Muhammad and the Demonic
An objective evaluation of Muhammad’s experiences has been done, but how does his experiences hold up against Biblical comparison? There are some very obvious and telling characteristics of Muhammad’s experiences that can be compared to Biblical accounts of a similar nature. Through this comparison we can arrive at a sound Biblical understanding of Muhammad’s experiences.
Did Muhammad truly see an angel of God, namely the archangel Gabriel? If we take a Biblical survey, we can easily glean certain characteristics of angelic encounters. When an angel appears to a person, the angel almost always assumes the form of a man. There is great fear and weakness upon the person during the encounter, but with such fear it is often recorded that the angel would instruct the person to “Fear not.” Though certainly there are instances where angels were used as warriors, whenever an angel was to deliver a message there is no harm done to the receiver. The angel is benevolent in his demeanor. It should also be noted that the receiver had no doubt of the encounter, nor was there any doubt that the messenger was of supernatural origin.
In Muhammad’s experience we see several similar things. The being took the form of a man. There is recognition of the supernatural and there is fear involved. But there is no reassurance or clarification of misconceptions given by the angel. In fact, Muhammad went home believing he had encountered an evil spirit, and certainly by Biblical accounts an angel would have corrected that assumption.
In Muhammad’s experience, the being was initially very violent with Muhammad, and this is also not a picture of the behavior of angels as seen in the Bible. So did Muhammad actually encounter an angel? The evidence seems to suggest that he did in fact encounter a supernatural being, but it is one that does not fit the Biblical characteristics of a God sent angel.
If Muhammad’s encounter was not with an angel, then what was it according to Biblical interpretation? In the Bible there are only two kinds of spiritual beings other than God. Angels have already been discussed. The alternative is a demon. Demons are essentially angels, but have fallen away from God. They can and do exhibit all the characteristics of angels. However, there are some very notable differences. A demon’s tactic is to deceive its victim, especially when it comes to religious matters. If an angel would correct any misconceptions, then a demon is more likely to allow those misconceptions to continue to deceive the hearer. Whereas an angel would be benevolent to the hearer, a demon does not hold this benevolence and is more likely to try to harm the hearer. People recorded as having encountered demons in the Bible, exhibited very violent behavior, especially if they were possessed. Demon oppression can lead to depression, and a demonic attack is recorded as having the same characteristics as epilepsy. A demonic attack in the form of epilepsy has been recorded in the Bible and can be found in Matthew 17:14-20. Since this sort of epileptic experience is of a spiritual nature, it would have no mental degeneration as would epilepsy derived from mental illness. Muhammad’s experience easily falls into the former category.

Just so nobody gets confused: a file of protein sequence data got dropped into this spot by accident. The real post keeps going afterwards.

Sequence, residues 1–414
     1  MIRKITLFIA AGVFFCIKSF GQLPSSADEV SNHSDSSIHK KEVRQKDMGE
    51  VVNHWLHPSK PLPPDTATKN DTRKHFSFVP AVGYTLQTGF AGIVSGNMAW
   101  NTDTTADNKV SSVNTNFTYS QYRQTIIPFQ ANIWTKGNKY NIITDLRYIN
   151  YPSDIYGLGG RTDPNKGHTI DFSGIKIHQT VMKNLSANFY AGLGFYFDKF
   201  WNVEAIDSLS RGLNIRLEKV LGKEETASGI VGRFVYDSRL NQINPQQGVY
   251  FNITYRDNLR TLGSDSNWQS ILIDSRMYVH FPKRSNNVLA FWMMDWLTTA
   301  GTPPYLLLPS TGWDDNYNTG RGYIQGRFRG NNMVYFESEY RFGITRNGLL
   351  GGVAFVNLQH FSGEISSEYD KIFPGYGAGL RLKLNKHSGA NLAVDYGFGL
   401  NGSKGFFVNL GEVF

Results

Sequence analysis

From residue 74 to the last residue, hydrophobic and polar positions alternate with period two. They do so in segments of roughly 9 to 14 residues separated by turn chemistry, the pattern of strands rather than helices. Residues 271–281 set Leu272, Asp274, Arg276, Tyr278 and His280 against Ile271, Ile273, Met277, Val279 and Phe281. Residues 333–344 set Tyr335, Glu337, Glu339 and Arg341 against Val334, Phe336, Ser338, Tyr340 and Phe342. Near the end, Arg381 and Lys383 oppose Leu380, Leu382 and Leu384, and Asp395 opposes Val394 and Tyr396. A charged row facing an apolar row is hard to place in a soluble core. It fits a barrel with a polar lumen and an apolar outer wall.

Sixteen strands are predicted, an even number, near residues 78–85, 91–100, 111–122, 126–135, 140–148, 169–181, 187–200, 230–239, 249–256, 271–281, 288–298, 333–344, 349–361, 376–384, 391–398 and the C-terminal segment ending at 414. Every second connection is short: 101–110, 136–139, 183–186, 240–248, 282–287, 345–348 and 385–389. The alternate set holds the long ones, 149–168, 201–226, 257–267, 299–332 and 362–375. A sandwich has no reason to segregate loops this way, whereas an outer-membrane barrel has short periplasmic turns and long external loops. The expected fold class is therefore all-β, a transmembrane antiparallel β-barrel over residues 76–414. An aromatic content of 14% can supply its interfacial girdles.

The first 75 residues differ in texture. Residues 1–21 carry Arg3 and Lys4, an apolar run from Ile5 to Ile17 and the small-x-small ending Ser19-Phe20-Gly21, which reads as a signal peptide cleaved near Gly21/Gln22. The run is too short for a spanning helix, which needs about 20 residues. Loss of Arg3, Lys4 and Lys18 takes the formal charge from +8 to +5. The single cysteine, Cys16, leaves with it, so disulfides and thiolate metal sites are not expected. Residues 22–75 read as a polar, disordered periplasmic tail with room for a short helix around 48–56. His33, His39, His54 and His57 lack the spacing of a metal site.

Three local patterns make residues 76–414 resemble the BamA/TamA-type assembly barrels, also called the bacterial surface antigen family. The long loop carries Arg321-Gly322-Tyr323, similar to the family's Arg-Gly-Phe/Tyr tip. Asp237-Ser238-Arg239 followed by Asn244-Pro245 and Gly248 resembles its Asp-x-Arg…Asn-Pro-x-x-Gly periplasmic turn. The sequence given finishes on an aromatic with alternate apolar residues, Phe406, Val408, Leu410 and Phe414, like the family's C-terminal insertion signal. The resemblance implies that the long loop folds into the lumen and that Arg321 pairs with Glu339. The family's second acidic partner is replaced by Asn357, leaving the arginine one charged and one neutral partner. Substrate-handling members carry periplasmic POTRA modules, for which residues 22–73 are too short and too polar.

It has been noted that Muhammad’s initial experience with the being was very violent, amounting to a physical attack to the point where Muhammad feared for his life. This certainly fits the description of a demonic encounter as opposed to an angelic encounter. There is a Biblical basis for demonic attack found in Acts 19:16.
If reports of depression and possible suicidal tendencies are to be believed, it greatly compounds on the idea that Muhammad’s experience was demonic instead of angelic. This sort of emotional experience is common with demonic interaction. However, an angelic experience is more likely to produce moods of joy.
In Muhammad’s experience we see attack instead of benevolence. We see a non-correction of the misconception about the being. Later, during revelation experiences it is recorded that Muhammad exhibited epileptic type symptoms. It seems more likely, based on the biblical descriptions of both angels and demons, that Muhammad encountered a demon masquerading as an angel.
The first revelation especially, and also the later revelations, are of important note in evaluating what truly happened in Muhammad’s experience. It would appear that as Muhammad was spending time in meditation and seeking spiritual guidance, that a demonic spirit found him and seized upon that opportunity to plant in him a false religion. Not only did Muhammad fear for his life, but he was physically and bodily attacked by this being. No angel would certainly exhibit such behavior. It was only later when others heard about the event and interpreted it for themselves that Muhammad was convinced by them that he experienced an angel, not an evil spirit. Muhammad’s initial reaction and intuition about this spiritual being is exact, and he would have done better to trust himself. Later, we can see through the comparison of demonic possession characteristics and Muhammad’s characteristics as he received revelation, that at regular intervals Muhammad was possessed for short periods of time in order to have the message delivered.
Posted on November 30, 2011, in Angels & Demons, My research journey, Nonfiction, Publications, Special Knowledge, Theology and tagged angel, demon, Gabriel, Islam, Jabril, Kadija, Muhammad, Muslim, possession, prophecy, prophet, research. Bookmark the permalink. 8 Comments.